Discussion swirled around the room: about what comes first, the writing or the photographs; finding tricks for fighting off writers’ block, and again and again, how to discover and burnish your own unique, pick-it-out-without-a-byline personal voice. One woman worried that when she was writing at her most true and enthusiastic best, her grammar and spelling sometimes went by the wayside.

Longtime political writer turned hunting-and-fishing blogger Hank Shaw’s advice? It’s okay to use slang and non-traditional grammar, if you know the rules you’re breaking, and only if it’s true to how you really speak. Readers will know when you’re faking it, and they won’t hang around.

Once you’ve found your voice, then do what every freshman-creative-writing class teacher would tell you: condense your prose, use vivid verbs, write fast and loose on that first draft. Don’t judge your writing to begin with, just dump it all out onto the page, even the terrible cliches. “Cliches work for a reason, they’re mental mnemonics,” said Shaw. “But then go through and change each one of those cliches to make it yours.”

Read your work out loud, urged Cheryl Sternman Rule, because what’s beautiful in your head can be “incredibly clunky” on the page. And, with more and more people reading blogs on hand-held devices, think twice before pounding out more than a monitor-screen’s worth of prose.

“I spend more time writing my opening sentences than the whole rest of the piece,” said S.J. Sebellin-Ross. “If they’re good, everything else just flows.” And then there’s brevity, still the soul of wit. “Say what you want to say, and then stop.”

Or, as Rebecca Crump quipped, “I like to hit it and quit it.” Crump also likes to think about the personality of food, anthropomorphizing a peach cobbler, say, into a “naughty dessert that spanks you without using a switch.”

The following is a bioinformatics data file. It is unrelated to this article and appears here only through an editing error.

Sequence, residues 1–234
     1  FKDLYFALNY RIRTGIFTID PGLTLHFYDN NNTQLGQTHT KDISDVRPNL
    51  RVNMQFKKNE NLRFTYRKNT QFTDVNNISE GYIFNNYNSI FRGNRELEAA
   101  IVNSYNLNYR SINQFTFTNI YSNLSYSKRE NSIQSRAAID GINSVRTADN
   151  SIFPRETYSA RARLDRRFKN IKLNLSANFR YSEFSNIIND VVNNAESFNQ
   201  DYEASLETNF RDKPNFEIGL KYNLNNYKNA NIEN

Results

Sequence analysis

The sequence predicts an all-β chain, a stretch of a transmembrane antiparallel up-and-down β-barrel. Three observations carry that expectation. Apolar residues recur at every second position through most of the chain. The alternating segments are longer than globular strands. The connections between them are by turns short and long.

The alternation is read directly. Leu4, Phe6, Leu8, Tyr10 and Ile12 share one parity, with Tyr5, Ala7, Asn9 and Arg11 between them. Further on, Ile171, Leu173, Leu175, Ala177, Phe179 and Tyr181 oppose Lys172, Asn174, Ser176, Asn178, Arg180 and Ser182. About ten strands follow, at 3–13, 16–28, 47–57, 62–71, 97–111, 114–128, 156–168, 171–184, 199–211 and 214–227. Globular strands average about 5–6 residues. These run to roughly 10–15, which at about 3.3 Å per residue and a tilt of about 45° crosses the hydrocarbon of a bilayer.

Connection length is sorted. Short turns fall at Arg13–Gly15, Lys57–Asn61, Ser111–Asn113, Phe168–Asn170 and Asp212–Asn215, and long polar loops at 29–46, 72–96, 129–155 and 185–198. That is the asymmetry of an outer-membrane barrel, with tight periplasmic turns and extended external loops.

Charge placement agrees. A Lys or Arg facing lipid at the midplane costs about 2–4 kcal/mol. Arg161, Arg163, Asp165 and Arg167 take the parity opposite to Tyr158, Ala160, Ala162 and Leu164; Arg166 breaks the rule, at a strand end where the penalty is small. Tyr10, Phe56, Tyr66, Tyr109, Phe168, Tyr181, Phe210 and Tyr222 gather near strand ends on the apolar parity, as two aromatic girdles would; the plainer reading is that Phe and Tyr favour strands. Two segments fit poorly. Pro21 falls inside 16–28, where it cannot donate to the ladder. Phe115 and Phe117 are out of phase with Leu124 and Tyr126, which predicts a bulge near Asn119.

Dominique Crenn
Dominique Crenn

Over a Kraft-sponsored lunch in the Grand Ballroom (oil-glossed roasted vegetables, grilled halibut, multicolored ravioli, and buckets of white sauce made from the inescapable Cooking Creme), the French-born chef Dominique Crenn of the hotel’s Luce Restaurant discussed her career path, and the challenges of being a woman in the still very much male-dominated world of French kitchens.

On leaving France for the States, she said, “I wanted to show the world what I had…maybe it took me longer, but I’m glad I went through the struggle I did. It’s a hard profession, but you just have to push through. I’m all for women on top!”

Elizabeth Falkner
Elizabeth Falkner

And what would a women’s food-blogging conference be without something cute, something pink, something chocolate…something like a maroon velvet cupcake (made with beets & cocoa) swirled with rosewater-raspberry icing and topped with popcorn? At the end of the day, pastry superstar and Scharffenberger spokeswoman Elizabeth Faulkner (Citizen Cake, Orson) was on hand to guide conference-goers through an assemble-your-own-cupcake adventure, choosing from an assortment of Falkner-made cupcakes, fillings, icings, and toppings. Holding up her stout-laced Chocolate Pub Cake topped with chocolate ganache, salted peanuts, Meyer lemon rind, and ancho-chile-laced cocoa nibs, she told the audience, “It’s like the best bar snack ever, in a cupcake!”

Can BarSnackCupcake, the blog, be far behind?

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About the Author ()

Stephanie Rosenbaum Klassen is a longtime local food writer, author, and cook. Her books include The Art of Vintage Cocktails (Egg & Dart Press), World of Doughnuts (Egg & Dart Press); Kids in the Kitchen: Fun Food (Williams Sonoma); Honey from Flower to Table (Chronicle Books) and The Astrology Cookbook: A Cosmic Guide to Feasts of Love (Manic D Press). She has studied organic farming at UCSC and holds a certificate in Ecological Horticulture from the Center for Agroecology and Sustainable Food Systems. She does frequent cooking demonstrations at local farmers’ markets and has taught food writing at Media Alliance in San Francisco and the Continuing Education program at Stanford University. She has been the lead restaurant critic for the San Francisco Bay Guardian as well as for San Francisco magazine. She has been an assistant chef at the Headlands Center for the Arts, an artists' residency program located in the Marin Headlands, and a production cook at the Marin Sun Farms Cafe in Pt Reyes Station. After some 20 years in San Francisco interspersed with stints in Oakland, Santa Cruz, Brooklyn, and Manhattan, she recently moved to Sonoma county but still writes in San Francisco several days a week.
  • http://www.jessbot.com Jess L.

    If I had actually realized this was this weekend, I might have actually tried to attend. I guess I should pay more attention next time.

    That lunch sounds, um… kind of horrifying, I have to admit. What an ironic thing to serve food bloggers, of all people!